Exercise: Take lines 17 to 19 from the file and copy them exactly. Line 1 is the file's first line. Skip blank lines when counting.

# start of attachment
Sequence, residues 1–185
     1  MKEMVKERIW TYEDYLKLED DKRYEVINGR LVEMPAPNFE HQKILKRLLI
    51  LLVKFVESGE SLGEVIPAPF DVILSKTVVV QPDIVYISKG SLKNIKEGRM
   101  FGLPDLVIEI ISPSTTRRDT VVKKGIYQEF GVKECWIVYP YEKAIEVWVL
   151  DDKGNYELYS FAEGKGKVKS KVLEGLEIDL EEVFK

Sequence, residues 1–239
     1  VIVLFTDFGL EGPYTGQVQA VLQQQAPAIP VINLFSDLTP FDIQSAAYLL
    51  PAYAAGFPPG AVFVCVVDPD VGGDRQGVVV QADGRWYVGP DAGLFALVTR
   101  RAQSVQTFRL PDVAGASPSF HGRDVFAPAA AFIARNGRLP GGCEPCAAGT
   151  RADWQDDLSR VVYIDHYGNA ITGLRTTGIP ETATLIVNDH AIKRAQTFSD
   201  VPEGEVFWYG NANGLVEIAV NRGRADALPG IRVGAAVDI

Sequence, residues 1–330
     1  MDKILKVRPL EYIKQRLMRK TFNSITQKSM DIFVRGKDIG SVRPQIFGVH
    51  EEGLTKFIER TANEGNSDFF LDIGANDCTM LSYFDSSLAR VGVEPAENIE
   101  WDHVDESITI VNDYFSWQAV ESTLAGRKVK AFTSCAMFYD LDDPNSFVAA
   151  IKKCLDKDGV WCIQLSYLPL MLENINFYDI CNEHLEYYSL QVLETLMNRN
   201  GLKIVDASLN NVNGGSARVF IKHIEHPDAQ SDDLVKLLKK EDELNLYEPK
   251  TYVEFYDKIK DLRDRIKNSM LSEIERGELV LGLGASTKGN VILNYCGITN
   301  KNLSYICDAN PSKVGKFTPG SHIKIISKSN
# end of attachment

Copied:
   201  GLKIVDASLN NVNGGSARVF IKHIEHPDAQ SDDLVKLLKK EDELNLYEPK
   251  TYVEFYDKIK DLRDRIKNSM LSEIERGELV LGLGASTKGN VILNYCGITN
   301  KNLSYICDAN PSKVGKFTPG SHIKIISKSN